forum, he still would not think that a judge should be concerned solely with advancing the polici of her
state. If a judge could successfully override a state policy that did not maximize state utility. he would
recommend that she do so. Thus lexforism would'not necessarily result even from regional utilitarianism.
And since the whole point of the legal realists' view of adjudication is that the judge's wi 61i0es are
critical to adjudication, the realist who was a regional utilitarian would clearly advocate this rejection of
state policy in the name of state utility.


The Yale Law Journal

[Vol, 104: 967

are duties to adjudicate in a certain way.52 He only insists that intrinsically

legal reasons to follow the law do not exist. For example, a utilitarian legal
realist could argue that one has a duty to obey the law when obedience would
maximize utility. He would look to the negative consequences of punishment,
the harm to those who rely upon one's abiding by the law, and the possible
destruction of the social order due to defiance of the law.53 If the law of more
than one state might apply, he would argue that one should act in accordance
with the law that maximizes utility.
But, once again, nothing about legal realism entails utilitarianism. Once
one adequately has described the law as a social fact, any form of ethical
reasoning can be used to determine one's obligations to obey it. For example,
one who believed that domiciliaries have implicitly contracted with a state to
obey its commands might consider obedience to be the domiciliaries' ethical
duty, even if the law compelled actions that one would not find ethical absent
the contract. The choice-of-law principle following from this view would be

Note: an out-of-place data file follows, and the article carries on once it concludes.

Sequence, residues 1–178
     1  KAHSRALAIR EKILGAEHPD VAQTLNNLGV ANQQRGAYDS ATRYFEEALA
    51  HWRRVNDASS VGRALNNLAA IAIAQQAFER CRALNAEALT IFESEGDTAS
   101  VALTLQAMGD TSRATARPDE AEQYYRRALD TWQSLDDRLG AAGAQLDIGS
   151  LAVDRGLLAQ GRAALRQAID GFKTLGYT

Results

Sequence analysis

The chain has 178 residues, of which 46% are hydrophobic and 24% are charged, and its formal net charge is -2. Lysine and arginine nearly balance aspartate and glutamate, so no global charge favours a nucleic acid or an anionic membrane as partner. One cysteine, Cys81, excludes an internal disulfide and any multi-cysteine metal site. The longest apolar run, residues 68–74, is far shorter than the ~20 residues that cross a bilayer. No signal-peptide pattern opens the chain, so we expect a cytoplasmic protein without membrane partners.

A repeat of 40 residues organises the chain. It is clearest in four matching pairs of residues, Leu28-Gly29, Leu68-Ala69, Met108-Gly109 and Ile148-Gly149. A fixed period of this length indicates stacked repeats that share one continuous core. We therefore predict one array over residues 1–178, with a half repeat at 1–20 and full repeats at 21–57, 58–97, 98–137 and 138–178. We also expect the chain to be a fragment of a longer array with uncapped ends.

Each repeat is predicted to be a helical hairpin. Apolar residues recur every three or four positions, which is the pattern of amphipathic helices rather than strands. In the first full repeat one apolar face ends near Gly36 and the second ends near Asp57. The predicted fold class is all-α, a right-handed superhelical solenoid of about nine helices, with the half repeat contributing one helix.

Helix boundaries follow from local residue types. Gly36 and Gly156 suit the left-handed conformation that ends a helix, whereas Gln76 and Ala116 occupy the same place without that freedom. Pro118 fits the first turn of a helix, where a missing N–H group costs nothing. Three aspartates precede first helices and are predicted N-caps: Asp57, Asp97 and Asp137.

one that looked to the law of the domicile.
Given that the legal realist can accept the existence of a duty to obey the
law, he can also argue that adjudication involves the recognition and
enforcement of these duties. The legal realist can accept norm-based
jurisprudence. Indeed, to the extent that the legal realist accepts norm-based
jurisprudence, he can accept Dane's claim that choice of law cannot be
lexforist, at least when the litigants had an ethical duty to conform their
behavior to a particular state's law. Notice that, whatever principle one uses
to determine which law one ought to obey, the principle should not assign such
duties in a manner that will vary depending upon who employs the
principle.54 Although duties can vary according to one's situation, the
fundamental ethical principles determining such duties must be the same in

52. See COHEN, supra note 39, at 4-5, 30.

53. As Cohen puts it:
The possibility of being punished and of causing consequent harm to friends and dependents,
the possibility of harming those who rely upon the law, the possibility of destroying social
order, which in some degree is a necessary condition of the good life, all these are pertinent
facts in a moral judgment, which may appear only after law is created.
Cohen, Ethical Basis, supra note 37, at 213.
54. Consider an analogy to etiquette. To assert the principle "When in Rome (or x), do as the Romans
(or x-ers) do" is to assign duties concerning etiquette that do not depend upon where such an assignment
takes place. It says, whether in Rome, or Greece, or Persia, it is the case that when in Rome (or x), do as
the Romans (or x-ers) do.


Legal Realism

every location. 55 Thus norm-based jurisprudence will see choice of law,

which recognizes and enforces these duties, to be equally invariant across fora.
C. Understanding Cook's Local Law Theory

If legal realism is compatible with norm-based jurisprudence, why is it so